Investigating Social Practices, Community and Interaction in the Philippine Islands during the Metal Age
Author(s): Sandy De Leon
Investigations of social interaction and notions of community among island societies of Southeast Asia during the Metal Age (500 BC-AD 800) are very limited, especially in the Philippines. This general lack of well-documented settlement, household and burial data, and underdeveloped theoretical frameworks interpreting the archaeological remains, impede our understanding of social organization in the period and fail to contextualize the appearance socially stratified and politically centralized island societies during the late prehistoric and early historic period. This paper presents a proposed multi-scalar research plan to utilize mortuary remains and examine similarities and variation in mortuary styles, pottery composition, trade goods and mortuary landscape features to investigate how Metal Age societies may have maintained ideas of community and group identity, as well as how they may have structured social relations. It presents preliminary findings of micro-regional analysis of jar burial remains from the Bacong Region of the central Philippines that will be expanded to include jar burial sites from the greater Philippine macro-region, and discusses some of the challenges of settlement archaeology. The research findings query the notion that late prehistoric island societies were necessarily simplified hierarchical and politically centralizing antecedents to the more complex societies of the Early Historic period.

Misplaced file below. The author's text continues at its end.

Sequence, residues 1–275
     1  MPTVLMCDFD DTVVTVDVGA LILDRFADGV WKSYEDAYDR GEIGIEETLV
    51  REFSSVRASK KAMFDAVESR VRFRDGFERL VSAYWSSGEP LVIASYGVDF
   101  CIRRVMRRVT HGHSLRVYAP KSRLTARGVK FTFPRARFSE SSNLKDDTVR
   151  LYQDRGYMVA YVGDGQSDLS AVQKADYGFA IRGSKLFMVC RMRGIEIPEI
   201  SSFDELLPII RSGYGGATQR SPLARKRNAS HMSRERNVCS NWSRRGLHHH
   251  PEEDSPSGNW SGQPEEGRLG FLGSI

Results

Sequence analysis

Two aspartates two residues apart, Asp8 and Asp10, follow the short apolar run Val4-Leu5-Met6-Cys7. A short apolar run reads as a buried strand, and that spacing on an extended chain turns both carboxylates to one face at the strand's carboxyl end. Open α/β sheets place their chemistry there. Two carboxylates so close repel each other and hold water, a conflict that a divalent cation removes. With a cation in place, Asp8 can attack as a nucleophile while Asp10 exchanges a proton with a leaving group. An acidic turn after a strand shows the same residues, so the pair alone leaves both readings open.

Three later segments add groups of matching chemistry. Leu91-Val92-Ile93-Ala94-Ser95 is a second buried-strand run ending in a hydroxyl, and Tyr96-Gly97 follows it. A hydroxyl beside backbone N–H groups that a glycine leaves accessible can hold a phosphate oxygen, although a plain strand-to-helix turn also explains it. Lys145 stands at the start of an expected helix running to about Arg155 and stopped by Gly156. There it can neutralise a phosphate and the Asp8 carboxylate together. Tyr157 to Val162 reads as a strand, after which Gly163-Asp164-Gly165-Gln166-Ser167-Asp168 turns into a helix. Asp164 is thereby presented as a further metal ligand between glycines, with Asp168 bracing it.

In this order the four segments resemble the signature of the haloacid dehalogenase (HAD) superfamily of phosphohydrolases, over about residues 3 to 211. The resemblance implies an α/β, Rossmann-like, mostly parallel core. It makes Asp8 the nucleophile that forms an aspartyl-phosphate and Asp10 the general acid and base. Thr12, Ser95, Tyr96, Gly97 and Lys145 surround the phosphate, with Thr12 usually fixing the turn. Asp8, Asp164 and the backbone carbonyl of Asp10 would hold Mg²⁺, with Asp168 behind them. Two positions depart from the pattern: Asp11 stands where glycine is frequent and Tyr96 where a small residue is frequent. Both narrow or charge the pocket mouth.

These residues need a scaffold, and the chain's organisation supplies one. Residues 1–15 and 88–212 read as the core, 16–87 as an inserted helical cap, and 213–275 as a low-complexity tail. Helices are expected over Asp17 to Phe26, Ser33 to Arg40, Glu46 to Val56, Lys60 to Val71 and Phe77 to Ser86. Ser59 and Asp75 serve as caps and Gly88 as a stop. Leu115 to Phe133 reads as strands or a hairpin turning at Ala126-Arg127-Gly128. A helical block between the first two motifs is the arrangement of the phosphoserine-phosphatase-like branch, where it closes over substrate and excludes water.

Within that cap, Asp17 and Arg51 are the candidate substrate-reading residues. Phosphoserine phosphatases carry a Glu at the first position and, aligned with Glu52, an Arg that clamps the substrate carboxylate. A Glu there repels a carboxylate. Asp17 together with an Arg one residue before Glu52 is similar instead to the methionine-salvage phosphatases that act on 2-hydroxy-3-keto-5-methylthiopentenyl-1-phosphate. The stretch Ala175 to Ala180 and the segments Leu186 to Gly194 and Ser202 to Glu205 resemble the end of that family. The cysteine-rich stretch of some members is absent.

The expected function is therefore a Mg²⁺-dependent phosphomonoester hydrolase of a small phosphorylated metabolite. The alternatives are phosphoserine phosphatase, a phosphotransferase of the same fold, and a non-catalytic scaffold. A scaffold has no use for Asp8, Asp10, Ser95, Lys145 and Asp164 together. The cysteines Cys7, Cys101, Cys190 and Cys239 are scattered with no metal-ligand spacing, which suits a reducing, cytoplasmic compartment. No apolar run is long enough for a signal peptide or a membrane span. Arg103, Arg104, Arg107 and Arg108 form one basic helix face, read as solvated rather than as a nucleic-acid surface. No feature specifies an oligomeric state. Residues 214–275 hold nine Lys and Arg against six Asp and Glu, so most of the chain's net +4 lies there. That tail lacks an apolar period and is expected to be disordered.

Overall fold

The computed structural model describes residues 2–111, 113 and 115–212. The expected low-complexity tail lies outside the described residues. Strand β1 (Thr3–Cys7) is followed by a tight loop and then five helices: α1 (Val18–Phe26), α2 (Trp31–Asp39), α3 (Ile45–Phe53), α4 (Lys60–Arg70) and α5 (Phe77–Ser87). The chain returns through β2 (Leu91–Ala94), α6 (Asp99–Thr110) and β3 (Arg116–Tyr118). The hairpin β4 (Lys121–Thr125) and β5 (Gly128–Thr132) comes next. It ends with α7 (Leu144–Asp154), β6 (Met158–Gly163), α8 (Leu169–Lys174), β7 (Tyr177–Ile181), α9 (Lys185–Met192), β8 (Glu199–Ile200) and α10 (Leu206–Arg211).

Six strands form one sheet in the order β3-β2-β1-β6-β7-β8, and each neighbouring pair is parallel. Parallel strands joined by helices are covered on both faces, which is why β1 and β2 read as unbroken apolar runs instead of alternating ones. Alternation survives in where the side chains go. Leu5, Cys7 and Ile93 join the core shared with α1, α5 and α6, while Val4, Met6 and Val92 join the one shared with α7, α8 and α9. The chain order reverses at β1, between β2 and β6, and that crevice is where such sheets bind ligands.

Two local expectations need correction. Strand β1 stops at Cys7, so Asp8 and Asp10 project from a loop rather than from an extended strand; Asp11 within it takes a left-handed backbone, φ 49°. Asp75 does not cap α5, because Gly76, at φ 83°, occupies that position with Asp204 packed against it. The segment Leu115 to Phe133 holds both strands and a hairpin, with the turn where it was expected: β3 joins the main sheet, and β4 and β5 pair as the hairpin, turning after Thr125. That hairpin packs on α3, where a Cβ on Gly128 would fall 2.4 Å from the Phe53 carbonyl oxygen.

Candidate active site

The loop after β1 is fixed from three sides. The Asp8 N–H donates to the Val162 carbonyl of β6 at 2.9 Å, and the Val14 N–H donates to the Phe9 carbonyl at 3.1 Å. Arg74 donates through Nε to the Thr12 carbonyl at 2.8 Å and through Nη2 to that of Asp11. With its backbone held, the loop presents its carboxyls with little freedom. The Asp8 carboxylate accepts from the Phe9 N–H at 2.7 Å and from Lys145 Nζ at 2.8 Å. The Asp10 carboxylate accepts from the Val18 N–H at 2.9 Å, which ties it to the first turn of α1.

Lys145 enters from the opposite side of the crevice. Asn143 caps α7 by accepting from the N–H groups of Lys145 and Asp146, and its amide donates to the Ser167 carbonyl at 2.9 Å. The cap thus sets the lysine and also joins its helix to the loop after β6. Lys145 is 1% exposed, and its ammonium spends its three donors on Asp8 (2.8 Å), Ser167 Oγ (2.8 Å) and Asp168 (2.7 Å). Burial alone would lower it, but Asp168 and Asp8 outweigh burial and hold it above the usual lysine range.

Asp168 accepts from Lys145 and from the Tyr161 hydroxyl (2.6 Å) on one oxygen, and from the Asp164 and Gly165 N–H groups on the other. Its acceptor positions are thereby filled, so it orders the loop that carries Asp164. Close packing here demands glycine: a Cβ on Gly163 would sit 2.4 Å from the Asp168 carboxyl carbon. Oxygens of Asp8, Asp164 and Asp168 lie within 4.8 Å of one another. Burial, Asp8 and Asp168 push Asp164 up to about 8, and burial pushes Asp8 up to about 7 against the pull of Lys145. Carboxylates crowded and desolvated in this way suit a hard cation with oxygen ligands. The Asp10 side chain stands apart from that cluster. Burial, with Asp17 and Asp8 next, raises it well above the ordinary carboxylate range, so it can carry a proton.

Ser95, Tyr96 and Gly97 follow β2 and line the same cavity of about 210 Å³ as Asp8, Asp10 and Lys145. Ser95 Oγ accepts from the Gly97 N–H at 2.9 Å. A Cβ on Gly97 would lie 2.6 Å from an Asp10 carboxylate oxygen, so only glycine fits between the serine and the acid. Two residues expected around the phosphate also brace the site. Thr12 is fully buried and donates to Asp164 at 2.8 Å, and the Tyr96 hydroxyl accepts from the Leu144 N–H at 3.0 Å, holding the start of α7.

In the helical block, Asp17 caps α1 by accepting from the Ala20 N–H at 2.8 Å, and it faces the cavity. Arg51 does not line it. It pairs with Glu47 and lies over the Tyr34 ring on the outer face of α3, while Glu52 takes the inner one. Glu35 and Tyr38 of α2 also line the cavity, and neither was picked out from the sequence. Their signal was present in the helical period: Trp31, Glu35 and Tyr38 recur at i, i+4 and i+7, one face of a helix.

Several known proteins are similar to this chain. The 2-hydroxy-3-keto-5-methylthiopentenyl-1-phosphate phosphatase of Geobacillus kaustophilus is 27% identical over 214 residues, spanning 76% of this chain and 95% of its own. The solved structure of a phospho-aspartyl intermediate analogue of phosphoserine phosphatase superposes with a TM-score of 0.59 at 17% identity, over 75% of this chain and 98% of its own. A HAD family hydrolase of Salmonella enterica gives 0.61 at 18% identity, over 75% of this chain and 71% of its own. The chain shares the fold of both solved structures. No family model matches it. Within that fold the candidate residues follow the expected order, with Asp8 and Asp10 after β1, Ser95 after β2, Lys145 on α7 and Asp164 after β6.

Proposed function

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Investigating Social Practices, Community and Interaction in the Philippine Islands during the Metal Age. Sandy De Leon. Presented at The 80th Annual Meeting of the Society for American Archaeology, San Francisco, California. 2015 ( tDAR id: 394901)
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min long: 66.885; min lat: -8.928 ; max long: 147.568; max lat: 54.059 ;